That being said, it’s not just the numbers and the on-court product that merit Karl being showed the door by Kings management. In fact, if we just based Karl’s tenure on what I listed above, I think most Kings fans would be okay with him coming back for a second full season in 2016-2017, especially considering these numbers are probably the best we have seen from a Kings coach in the Post-Rick Adelman era. Unfortunately, off the court, both in the locker room and the media, Karl has been an unmitigated disaster in his relationships with everyone in the organization, from players to assistant coaches to even front office members. Let’s take a look at the transgressions Karl has committed this year that warrant him being fired by season’s end at the very latest.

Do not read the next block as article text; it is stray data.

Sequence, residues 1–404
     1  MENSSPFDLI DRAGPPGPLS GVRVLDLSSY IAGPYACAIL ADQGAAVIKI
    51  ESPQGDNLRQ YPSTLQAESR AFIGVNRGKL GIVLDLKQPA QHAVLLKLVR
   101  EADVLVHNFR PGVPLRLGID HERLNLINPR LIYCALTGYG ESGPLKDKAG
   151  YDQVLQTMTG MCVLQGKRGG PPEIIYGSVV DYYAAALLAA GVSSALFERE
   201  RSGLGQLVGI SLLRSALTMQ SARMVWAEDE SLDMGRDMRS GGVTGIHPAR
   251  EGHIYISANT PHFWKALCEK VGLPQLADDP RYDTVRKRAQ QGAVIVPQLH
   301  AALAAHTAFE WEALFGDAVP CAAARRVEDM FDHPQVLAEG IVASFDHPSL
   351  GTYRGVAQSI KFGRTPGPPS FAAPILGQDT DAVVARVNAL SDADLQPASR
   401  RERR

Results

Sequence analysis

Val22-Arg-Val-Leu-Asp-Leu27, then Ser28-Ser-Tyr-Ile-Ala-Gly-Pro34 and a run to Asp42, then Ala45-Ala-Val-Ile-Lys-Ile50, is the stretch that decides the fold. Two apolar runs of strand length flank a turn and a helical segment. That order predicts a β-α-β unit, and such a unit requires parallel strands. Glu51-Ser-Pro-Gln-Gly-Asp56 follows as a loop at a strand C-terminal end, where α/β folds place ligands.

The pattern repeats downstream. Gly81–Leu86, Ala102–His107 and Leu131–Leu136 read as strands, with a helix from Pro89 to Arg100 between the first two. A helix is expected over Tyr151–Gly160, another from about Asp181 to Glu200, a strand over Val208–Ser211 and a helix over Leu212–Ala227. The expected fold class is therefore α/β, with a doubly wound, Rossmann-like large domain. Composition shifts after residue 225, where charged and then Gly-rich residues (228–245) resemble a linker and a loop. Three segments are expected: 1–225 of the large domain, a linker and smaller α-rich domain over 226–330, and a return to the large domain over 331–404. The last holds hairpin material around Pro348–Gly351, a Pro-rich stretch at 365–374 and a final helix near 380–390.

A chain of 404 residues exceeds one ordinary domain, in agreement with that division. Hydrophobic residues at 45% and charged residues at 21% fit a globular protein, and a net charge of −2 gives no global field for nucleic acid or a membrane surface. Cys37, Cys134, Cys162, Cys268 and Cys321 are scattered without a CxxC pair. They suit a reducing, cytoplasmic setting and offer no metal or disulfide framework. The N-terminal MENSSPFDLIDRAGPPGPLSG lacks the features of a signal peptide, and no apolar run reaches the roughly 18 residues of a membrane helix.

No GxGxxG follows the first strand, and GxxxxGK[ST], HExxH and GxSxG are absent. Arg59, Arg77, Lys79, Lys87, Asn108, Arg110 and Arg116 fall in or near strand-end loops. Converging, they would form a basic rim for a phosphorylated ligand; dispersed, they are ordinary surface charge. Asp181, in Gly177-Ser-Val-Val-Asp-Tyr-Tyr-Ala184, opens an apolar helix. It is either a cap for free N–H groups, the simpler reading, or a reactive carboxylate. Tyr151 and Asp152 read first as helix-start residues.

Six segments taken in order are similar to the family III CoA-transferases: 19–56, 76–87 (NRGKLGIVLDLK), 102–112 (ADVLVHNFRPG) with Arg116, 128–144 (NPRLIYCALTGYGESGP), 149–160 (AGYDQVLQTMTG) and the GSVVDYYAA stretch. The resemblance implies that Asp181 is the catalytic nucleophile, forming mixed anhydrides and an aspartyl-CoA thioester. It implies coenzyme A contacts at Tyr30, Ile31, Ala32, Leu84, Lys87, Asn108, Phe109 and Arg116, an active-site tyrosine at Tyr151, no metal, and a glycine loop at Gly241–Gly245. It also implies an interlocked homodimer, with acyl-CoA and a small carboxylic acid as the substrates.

• In the Summer off-season, rumors spread that George Karl called other teams to gauge Cousins’ value and see if teams were interested in negotiating a deal for the All-Star center and Kings franchise player. Karl did not have approval to do this of course from management or ownership or even Cousins himself. Things tipped to the point that Ranadive thought about firing Karl after news broke out about the incident and considered replacing him with John Calipari. Karl stayed however (after Cal expressed no interest in the Kings or any NBA job) and this led to the famous awkward handshake during Summer League between Boogie and Karl that was a forecast of the chaos that was about to occur in 2015-2016.
  • After scrapping their way to a 20-23 start with a brief period in the 8th spot in the Western Conference playoff race, the Kings lost eight of their next nine games before the All-Star break and rumors swirled wildly that the Kings were going to fire and have a new head coach after the All-Star break. However, due to ownership’s financial concerns, the Kings decided to keep Karl and “work with him” until to the end of the season at least. The decision hasn’t seemed to have much of an effect, as the Kings have been 8-15 after the All-Star break.